Susan Burk is one of those individuals who has taken on the task of raising monarch butterfly caterpillars. Her efforts were recognized and the local Webster-Kirkwood Times, Inc. published an article, Local Naturalists Fight To Save The Monarch Butterfly, written by Mary Shapiro. Diana Linsley, who took the photos, is a new member of our Chapter.

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We need help raising abundance of early baby monarchs

Blog by Susan Burk
Member, Wild Ones – St. Louis Chapter

A woman and a man looking for eggs on plant

Susan and Fred Burk looking for monarch eggs
Photo by Marcia Myers

[Editor’s Note: At the end of the gathering on Wednesday, April 12, 2017, Fred and Susan Burk were busy counting monarch eggs. They need our help as these early monarch eggs are now hungry caterpillars!]

It is unusual to have monarchs visit the St. Louis area in the spring. We normally see them as they are migrating south in late summer. This year, possibly because of storms in Texas and Oklahoma, they were “pushed” north and east. Problem with the early arrivals is that our milkweed has not started growing yet and there is not enough milkweed to feed the cat’s.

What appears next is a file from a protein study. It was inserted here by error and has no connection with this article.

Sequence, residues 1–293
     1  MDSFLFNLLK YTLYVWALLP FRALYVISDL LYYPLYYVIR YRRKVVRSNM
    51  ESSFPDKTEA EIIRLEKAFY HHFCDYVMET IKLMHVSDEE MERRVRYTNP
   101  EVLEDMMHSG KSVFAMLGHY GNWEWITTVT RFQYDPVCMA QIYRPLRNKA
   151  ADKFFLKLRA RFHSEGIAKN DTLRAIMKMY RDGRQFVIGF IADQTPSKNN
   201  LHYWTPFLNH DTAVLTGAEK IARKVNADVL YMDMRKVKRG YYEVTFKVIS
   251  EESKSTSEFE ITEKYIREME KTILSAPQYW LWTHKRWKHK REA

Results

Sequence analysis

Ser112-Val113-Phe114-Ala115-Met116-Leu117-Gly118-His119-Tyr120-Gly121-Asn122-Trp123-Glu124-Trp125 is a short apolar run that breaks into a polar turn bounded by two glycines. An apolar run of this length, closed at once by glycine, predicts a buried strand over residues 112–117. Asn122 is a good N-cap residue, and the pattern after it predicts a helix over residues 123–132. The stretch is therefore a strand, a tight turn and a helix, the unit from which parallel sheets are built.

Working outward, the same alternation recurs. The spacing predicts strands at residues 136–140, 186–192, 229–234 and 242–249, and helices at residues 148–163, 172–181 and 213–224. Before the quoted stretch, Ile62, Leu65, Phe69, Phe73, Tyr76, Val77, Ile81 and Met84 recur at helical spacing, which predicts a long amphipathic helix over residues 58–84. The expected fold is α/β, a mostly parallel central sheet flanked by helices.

Female monarchs visited my yard on April 9, and because there were more than a hundred butterfly and marsh milkweed potted plants in my backyard, they had a great time laying eggs, which started hatching on April 16 and 17.

So far we have collected more than one hundred tiny caterpillars!

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Wild Ones sponsors Project Pollinator – plus celebration event on March 15

By Sue Leahy
Board Member-at-Large, Wild Ones – St. Louis Chapter

Project Pollinator is a cooperative effort of St. Louis County Parks, St. Louis County Libraries, The Butterfly House, and Greenscape Gardens to protect pollinators and their habitats. Wild Ones-St. Louis Chapter is proud to be a sponsor of this program in 2017.

The mission of Project Pollinator is to promote an appreciation of all pollinators through education and creation of pollinator gardens. The goal is to educate the public about the importance of pollinators and to provide demonstration gardens at county parks, libraries, and other public venues.

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Book reviews of Heather Holm’s work